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President Donald Trump faces a second impeachment fight, with just days left in office.

His critics have tried to undermine his remaining defenses by shaming his religious supporters into abandoning him. While that seems unlikely (and insulting), there are interesting and relevant precedents for the Trump presidency in the Bible.

In 2018, I compared Trump to the Biblical King Jehu, a reformer whose brutal methods inspired support from critics of his predecessors but shock from observers.

In the last days of Trump’s presidency, and in the wake of the Capitol riot, another Biblical king comes to mind: Uzziah, also known as Azariah.

Uzziah ruled the kingdom of Judah for over half a century in the eighth century B.C., sharing the throne for part of that time with his son, Jotham. Among the kings described by the Bible, Uzziah is considered one of the few good ones, a reformer who obeyed the law: “[H]e did what was right in the eyes of the Lord.” (II Kings 15:3)

As I noted in my 2016 ebook, Leadership Secrets of the Kings and Prophets, the Bible tells the story of Uzziah’s success — and eventual downfall — in the Second Book of Chronicles:

The Bible tells us that Uzziah seeks the advice of the prophets, and Zechariah in particular. It adds that he leads a campaign of military conquest with a success not seen in generations: “And he went forth and waged war with the Philistines, and he breached the wall of Gath and the wall of Jabneh and the wall of Ashdod, and he built cities in Ashdod and among the Philistines.” (II Chronicles 26:6)

Uzziah not only enjoys success in battle, but also collects plaudits and tributes from distant nations, and fortifies his capital in Jerusalem. Under his reign, the monarchy and the country as a whole enjoy a great economic expansion: “And he built towers in the desert, and he hewed many cisterns, for he had much cattle and in the lowlands and in the plains, plowmen and vinedressers in the mountains and in the fruitful fields, for he loved the soil.” (10)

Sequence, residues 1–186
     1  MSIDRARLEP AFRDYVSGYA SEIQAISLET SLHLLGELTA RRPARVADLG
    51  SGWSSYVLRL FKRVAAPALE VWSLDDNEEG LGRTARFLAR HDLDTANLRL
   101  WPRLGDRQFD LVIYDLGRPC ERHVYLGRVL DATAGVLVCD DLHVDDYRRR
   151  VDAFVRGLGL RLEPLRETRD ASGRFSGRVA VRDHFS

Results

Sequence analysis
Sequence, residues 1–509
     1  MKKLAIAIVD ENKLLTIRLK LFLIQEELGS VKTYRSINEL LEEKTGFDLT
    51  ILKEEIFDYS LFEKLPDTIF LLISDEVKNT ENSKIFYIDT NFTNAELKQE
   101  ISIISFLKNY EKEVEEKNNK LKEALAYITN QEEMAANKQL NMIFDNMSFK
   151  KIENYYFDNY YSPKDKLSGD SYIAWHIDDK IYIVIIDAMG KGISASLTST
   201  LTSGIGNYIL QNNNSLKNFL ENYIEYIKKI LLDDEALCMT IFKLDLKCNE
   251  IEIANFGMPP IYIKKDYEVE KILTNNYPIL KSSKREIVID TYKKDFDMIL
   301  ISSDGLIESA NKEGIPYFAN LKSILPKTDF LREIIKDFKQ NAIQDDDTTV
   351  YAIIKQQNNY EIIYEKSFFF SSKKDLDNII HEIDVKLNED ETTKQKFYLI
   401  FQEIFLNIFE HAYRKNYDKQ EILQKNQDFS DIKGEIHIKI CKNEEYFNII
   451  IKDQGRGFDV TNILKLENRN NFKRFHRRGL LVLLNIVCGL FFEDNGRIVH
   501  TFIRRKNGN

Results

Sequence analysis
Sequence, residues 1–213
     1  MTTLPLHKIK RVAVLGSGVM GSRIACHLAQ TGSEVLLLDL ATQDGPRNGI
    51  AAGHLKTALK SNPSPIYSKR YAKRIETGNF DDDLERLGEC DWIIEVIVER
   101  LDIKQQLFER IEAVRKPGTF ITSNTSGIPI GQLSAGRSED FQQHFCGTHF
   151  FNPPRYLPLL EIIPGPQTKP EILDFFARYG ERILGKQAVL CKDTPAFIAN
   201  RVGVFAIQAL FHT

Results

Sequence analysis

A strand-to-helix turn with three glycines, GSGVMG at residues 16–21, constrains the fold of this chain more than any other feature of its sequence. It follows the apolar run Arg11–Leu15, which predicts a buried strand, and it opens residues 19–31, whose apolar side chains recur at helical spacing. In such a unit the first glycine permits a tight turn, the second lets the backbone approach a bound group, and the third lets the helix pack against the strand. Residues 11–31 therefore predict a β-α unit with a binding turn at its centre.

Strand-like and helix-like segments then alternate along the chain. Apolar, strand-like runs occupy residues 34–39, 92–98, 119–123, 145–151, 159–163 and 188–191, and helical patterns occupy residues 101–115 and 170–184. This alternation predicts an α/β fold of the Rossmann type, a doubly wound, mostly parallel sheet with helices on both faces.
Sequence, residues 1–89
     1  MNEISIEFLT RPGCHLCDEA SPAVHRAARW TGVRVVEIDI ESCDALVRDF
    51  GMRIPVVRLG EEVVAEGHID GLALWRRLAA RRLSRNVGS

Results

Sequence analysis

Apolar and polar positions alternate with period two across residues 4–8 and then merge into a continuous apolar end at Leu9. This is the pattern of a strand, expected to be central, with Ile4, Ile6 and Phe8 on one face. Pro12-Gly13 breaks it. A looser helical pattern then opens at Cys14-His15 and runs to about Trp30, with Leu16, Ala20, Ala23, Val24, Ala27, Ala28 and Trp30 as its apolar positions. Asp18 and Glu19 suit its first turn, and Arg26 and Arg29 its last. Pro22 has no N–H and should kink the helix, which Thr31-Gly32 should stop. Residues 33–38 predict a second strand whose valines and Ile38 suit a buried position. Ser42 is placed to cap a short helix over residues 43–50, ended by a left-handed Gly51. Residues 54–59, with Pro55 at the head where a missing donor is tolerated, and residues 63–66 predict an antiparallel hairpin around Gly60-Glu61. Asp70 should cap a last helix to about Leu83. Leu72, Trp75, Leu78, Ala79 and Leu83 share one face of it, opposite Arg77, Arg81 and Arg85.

Uzziah also commands “a force of warriors who went out to war by bands” (11), and who are well-equipped with weapons. In Jerusalem itself, Uzziah installs advanced defensive weaponry: “And he made in Jerusalem engines, invented by skillful men, to be on the towers and on the corners, to shoot with arrows and with huge stones, and his name went forth far abroad for he did wondrous things to help himself, until he became strong.” (15).

But Uzziah’s success also proves to be his downfall:

Emboldened by his power as a ruler, Uzziah decides that civil authority is not enough for him: he wants to be a religious leader, as well. That means crossing the line set long ago by Samuel, who had warned the people that a king would attempt to control their spiritual lives, and who strips Saul of the monarchy after he sets up a monument and sacrifices to God without God’s approval. As the Book of Chronicles relates: “And when he became strong, his heart became haughty until he became corrupt, and he trespassed against the Lord his God, and he came into the Temple of the Lord to burn incense on the altar of incense.”

The priests in the Temple rush to stop Uzziah from violating the constraints of his office. Suddenly, he is struck with leprosy, an affliction that makes it impossible for him to perform services in the Temple — or to rule. He is not removed from the throne, but he is forced to share power with his son — who serves admirably.

The parallels between King Uzziah and President Trump are striking. Uzziah did not turn against his faith, but pursued it with excessive zeal.

Likewise, Trump did not betray the Constitution, but insisted that it allowed the Vice President, and Congress, to overturn the decision of the Electoral College. That led to disaster.

Trump’s sin was not “incitement”; he told supporters to protest “peacefully” outside the Capitol. Rather, like Uzziah, he did not know when to quit.

Trump’s fatal flaw was his desire to win at any cost. It made him a successful president, willing to break with precedent and conventional wisdom to achieve what was right for the nation. But that same determination to win made him a poor leader in a period of transition, when the country needed unity after a bitterly divided election. His opponent, Joe Biden, has been no better.

The Bible offers advice: leave anger aside, and let the transition of power to the next leader take place.

Joel B. Pollak is Senior Editor-at-Large at Breitbart News and the host of Breitbart News Sunday on Sirius XM Patriot on Sunday evenings from 7 p.m. to 10 p.m. ET (4 p.m. to 7 p.m. PT). His newest e-book is How Not to Be a Sh!thole Country: Lessons from South Africa. His recent book, RED NOVEMBER, tells the story of the 2020 Democratic presidential primary from a conservative perspective. He is a winner of the 2018 Robert Novak Journalism Alumni Fellowship. Follow him on Twitter at @joelpollak.

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